Integrative propositional analysis (IPA) is an approach to assessing and improving theories (such as strategic plans, actions plans, theories of change), based on the structure of the theory, rather than relying on evidence alone. These resources show how you can use IPA for improving knowledge for practical decision-making on a variety of topics.
Using IPA to visualize, integrate, and assess evaluation findings
In a 2017 article in the Journal of MultiDisciplinary Evaluation (JMDE), Danielle Houston, Bernadette Wright, and Steven E. Wallis, describe how they visualized, integrated, and assessed the quality and usefulness of knowledge gained from the NMAC (formerly National Minority AIDS Council) Strong Communities evaluation. They used integrative propositional analysis to integrate literature and interview results.
Integrating literature and interview results helped to identify several actions where providers of HIV-related services could increase their impact on combating the HIV epidemic among the communities they serve.
Read the article at JMDE (11 pages)
Using IPA for understanding and reducing poverty
In this June 2019 paper in Kybernetes, Steven E. Wallis and Bernadette Wright used IPA to evaluate and synthesize a total of 10 theories of poverty, from five diverse organizations and five academic disciplines. All of the theories scored low in measures of systemicity, complexity, and loops, suggesting limitations of the theories for understanding or resolving the problem,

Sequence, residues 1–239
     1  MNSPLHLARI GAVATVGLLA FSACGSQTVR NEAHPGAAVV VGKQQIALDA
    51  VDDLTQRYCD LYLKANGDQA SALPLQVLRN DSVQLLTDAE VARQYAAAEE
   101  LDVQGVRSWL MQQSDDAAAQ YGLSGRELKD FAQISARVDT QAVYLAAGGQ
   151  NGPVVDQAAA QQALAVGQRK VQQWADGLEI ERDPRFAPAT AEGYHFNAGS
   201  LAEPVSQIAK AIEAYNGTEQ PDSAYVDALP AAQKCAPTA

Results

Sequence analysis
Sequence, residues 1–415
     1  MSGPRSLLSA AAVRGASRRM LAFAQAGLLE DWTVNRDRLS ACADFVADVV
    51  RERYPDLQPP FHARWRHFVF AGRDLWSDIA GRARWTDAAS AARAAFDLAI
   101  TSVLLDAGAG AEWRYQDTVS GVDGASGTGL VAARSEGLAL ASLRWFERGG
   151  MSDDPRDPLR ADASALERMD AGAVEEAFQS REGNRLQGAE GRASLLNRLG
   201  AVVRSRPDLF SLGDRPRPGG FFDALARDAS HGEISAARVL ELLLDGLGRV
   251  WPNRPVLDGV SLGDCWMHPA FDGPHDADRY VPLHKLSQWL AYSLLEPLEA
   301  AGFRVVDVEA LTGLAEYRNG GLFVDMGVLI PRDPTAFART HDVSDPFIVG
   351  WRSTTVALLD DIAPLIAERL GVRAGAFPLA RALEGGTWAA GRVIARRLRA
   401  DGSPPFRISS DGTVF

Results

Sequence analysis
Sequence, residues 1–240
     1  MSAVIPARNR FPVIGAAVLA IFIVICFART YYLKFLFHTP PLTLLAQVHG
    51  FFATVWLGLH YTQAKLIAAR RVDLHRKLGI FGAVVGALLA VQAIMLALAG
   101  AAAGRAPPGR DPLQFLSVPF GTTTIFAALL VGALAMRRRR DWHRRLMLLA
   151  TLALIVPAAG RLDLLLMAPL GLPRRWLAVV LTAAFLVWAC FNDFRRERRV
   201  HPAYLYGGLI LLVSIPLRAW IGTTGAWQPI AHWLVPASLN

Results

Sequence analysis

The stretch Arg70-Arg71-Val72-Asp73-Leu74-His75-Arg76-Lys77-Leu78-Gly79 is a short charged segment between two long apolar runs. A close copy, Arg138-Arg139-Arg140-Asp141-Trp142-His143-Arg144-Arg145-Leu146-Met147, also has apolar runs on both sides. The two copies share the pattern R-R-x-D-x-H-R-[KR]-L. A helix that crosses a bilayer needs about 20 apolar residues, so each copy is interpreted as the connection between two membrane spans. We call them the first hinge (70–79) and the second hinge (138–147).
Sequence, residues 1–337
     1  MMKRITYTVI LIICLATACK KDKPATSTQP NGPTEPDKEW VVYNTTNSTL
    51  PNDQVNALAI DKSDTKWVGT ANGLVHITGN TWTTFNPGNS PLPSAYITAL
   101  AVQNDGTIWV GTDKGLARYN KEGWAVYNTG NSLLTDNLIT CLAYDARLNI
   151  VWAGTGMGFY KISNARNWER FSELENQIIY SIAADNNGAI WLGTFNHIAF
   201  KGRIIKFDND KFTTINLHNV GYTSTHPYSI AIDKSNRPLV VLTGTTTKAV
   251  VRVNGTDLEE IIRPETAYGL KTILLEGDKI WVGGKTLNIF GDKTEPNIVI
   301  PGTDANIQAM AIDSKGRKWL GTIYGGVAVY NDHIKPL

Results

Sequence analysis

This interdisciplinary paper provides a new structural perspective on why we have
not been able to solve the poverty problem – and shows how far we have yet to go to reach success.
Download the paper at researchgate.net (16 pages)
Using IPA for evaluating policies of U.S. presidential candidates
In this 2016 paper, Steven E. Wallis, Bernadette Wright, and Franklin David Nash used IPA to evaluate the economic policies of 15 candidates for U.S. president in 2016, as stated on the candidates’ websites.
Although the policies of individual candidates tend to have low levels of Breadth and Depth, IPA provides a path to combine the many maps and work towards creating a single policy with a greater likelihood of success.
Download the paper at MeaningfulEvidence.com (16 pages)
Using IPA for evaluating entrepreneurship theories
In this 2015 article in SAGE Open, Bernadette Wright and Steven E. Wallis present results of their study using IPA to integrate and evaluate nine theories of entrepreneurship. The results highlighted several implications for choosing entrepreneurship theories to teach, research, and apply. The results also provided implications for integrating theories to advance the field more quickly.
The choice of which entrepreneurship theories to teach and encourage is important for many reasons.
Download the article at SAGE Open (9 pages)
In a June 2015 guest post on the American Evaluation Association’s AEA365 blog, Bernadette Wright discusses highlights of her research with Dr. Wallis using IPA to integrate and evaluate theories of entrepreneurship.
Integrative Propositional Analysis (IPA) is an emerging method to analyze and integrate theories across studies, strategic plans, and other documents.
Reading list: Integrative propositional analysis, causal knowledge mapping, & assessing research quality
This reading list provides descriptions and links to materials for further reading on the academic research behind IPA, examples of how IPA is applied, software/tools for creating knowledge maps, tools for assessing the quality of evidence across methods and disciplines, and more.